AIA Strategic Council Update
by Diantha Korzun, AIA
It is now six months into my first year on the AIA Strategic Council as Vermont’s representative. It took a while to fully understand the position and the potential impact that can be made by a Council member.
Each state has a Strategic Council representative, so as a small state, we really have a voice at the national level. The role of the Strategic Council representative is twofold:
- Our role at the national level is to bring new ideas and solutions to the board that are forward thinking. We brainstorm long term goals for the AIA’s work. We inform the national Board about important issues, opportunities and threats. We are not administrative or fiduciary, we just advise. The board makes the final decisions on what the AIA should be focused on, and they are in charge of all administrative and fiduciary decisions. They are the governing body.
- Our role at the local level is to provide a link between the members and local board to the national level. This gives you, a member, a voice so we are not disconnected. As a council member, I am able to give our state component a voice at the national level. I can also find resources at national that may help guide local initiatives.
Currently, the AIA’s two main goals according to the 2021-2025 AIA Strategic Plan include: To address Climate Action for Human and Ecological Health and to Advance Racial, Ethnic, and Gender Equity. The work on the Strategic Council may or may not reflect these two goals depending on input from other council members and their constituents.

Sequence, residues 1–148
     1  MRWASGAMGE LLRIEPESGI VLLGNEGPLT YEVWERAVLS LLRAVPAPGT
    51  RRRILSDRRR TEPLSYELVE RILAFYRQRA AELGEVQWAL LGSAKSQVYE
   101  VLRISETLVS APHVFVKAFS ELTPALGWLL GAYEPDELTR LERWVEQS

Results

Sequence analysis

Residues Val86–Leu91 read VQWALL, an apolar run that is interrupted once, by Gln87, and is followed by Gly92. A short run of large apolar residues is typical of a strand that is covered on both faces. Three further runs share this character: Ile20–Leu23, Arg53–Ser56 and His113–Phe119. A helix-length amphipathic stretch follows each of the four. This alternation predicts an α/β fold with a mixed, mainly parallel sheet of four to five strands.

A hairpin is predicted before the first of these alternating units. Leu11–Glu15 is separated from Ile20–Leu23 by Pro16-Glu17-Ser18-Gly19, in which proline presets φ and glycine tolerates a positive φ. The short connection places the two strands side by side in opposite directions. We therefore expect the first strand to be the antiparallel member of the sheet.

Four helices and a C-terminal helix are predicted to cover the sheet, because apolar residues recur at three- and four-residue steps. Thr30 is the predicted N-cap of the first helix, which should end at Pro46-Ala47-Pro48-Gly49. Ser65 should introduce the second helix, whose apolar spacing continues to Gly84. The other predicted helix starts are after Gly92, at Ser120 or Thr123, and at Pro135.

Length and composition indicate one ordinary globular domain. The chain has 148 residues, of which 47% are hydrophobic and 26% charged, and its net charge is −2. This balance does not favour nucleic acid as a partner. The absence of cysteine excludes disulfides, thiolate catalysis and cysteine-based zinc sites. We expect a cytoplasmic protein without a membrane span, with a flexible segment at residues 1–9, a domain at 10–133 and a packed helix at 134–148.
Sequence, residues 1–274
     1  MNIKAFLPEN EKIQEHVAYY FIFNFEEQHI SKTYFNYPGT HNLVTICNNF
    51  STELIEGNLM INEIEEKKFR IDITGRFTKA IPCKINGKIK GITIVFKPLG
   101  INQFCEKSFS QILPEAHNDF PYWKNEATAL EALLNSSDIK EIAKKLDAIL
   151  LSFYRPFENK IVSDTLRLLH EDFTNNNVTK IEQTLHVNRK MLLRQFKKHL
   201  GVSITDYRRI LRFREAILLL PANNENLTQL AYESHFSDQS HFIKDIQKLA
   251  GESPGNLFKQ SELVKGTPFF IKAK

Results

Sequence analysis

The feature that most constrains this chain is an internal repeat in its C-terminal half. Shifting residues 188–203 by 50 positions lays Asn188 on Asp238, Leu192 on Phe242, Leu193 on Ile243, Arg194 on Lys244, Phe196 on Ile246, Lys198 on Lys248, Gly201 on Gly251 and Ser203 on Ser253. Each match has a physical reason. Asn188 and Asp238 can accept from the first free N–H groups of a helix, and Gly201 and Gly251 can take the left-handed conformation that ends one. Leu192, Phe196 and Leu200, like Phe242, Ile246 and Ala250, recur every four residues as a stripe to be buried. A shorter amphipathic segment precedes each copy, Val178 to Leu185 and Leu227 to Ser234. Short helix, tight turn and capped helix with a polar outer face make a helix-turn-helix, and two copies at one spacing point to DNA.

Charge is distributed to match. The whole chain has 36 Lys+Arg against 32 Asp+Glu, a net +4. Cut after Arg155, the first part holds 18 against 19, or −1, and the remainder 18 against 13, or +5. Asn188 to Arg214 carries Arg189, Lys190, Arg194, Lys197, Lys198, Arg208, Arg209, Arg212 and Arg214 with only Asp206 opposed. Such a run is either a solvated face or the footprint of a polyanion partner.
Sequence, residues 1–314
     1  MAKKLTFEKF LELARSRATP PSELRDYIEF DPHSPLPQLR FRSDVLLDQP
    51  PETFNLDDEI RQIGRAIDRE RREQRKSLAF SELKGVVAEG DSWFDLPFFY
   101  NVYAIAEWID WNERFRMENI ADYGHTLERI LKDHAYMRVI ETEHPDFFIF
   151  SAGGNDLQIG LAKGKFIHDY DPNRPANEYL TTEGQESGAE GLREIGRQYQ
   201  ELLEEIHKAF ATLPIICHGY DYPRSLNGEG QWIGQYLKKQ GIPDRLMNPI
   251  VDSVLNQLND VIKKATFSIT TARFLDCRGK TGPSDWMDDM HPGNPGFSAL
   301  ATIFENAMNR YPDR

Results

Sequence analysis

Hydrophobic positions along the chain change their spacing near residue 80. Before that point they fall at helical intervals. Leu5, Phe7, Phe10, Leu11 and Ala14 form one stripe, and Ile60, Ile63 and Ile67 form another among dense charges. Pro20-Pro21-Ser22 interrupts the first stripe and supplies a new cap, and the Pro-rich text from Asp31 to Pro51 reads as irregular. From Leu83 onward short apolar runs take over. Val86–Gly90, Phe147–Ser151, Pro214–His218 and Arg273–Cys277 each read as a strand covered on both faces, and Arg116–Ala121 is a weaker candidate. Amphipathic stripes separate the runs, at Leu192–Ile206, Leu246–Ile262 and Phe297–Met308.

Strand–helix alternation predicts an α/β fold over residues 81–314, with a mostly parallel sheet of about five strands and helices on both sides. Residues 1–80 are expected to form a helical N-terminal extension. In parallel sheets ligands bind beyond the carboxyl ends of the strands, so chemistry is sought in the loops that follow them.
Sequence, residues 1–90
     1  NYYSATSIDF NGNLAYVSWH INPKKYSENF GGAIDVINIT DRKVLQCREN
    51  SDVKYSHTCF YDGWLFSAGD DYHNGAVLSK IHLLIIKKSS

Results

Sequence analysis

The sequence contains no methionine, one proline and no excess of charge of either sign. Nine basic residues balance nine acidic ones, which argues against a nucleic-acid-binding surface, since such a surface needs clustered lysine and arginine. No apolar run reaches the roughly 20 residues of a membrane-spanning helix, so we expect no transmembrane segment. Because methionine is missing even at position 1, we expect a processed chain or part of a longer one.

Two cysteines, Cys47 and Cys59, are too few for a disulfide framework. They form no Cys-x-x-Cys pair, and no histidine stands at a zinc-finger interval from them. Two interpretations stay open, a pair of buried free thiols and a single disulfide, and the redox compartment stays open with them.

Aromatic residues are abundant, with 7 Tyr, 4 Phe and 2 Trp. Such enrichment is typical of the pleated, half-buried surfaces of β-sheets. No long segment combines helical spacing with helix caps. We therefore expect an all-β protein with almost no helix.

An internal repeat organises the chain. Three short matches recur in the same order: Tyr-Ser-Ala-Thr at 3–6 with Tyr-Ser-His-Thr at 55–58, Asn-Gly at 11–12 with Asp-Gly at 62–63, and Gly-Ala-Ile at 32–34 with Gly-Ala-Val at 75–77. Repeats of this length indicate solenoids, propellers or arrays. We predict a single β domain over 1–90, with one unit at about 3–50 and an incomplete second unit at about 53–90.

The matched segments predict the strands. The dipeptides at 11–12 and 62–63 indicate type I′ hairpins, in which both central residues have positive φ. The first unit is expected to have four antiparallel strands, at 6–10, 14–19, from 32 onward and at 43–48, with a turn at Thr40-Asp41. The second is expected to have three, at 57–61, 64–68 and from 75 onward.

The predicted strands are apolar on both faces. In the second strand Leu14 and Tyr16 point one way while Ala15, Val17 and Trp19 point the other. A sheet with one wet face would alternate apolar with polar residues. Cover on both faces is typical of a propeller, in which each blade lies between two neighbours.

In December, I asked the AIAVT board, what are the biggest issues facing the profession in the next 5-10 years? The AIAVT board was able to brainstorm this question and came back with a list of the main issues facing AIA VT members. Key items included:
1. Member recruitment and retention- How do we keep people in the profession, and how do we keep competitive with other firms outside of VT?
2. Environment and climate change - What are the barriers to every Vermont project being net zero carbon?
3. How does the architect remain relevant while technology continues to be able to do more?
4. Equity for women in the workplace is still a major issue, how do we overcome the barriers?
In January, I brought these topics to the council, and the topics that had the most interest would be studied further in detail. All four of these topics are now being discussed at the council level in various ways.
Based on my expertise, I decided to participate in a Carbon Literacy sprint for the first five months on the Council. This was a group of eight that had expertise in the areas of carbon and sustainability. We were assisted by an AIA board member, an AIA staff member, an AIA 2030 board member, and an AIA COTE board member. The goal was to create a certificate for carbon literacy to help better educate the members so that they can incorporate carbon literacy into their work. After five months of meetings and intense research, we were able to create a comprehensive carbon curriculum that we then presented to the AIA Board for further development and funding last month. We are still waiting to see if this carbon literacy program is funded, but since it is part of the goals for AIA’s Strategic Plan, we are hopeful, since this is an urgent issue.
It's been an eye opening first six months on the Council, I look forward to continuing to serve our members in Vermont, and would welcome any input from you as I continue my term into 2023. What are the biggest issues that architects are facing in the next five to ten years? Please let me know!
Diantha Korzun, AIA LEED AP
AIA Strategic Council Representative Vermont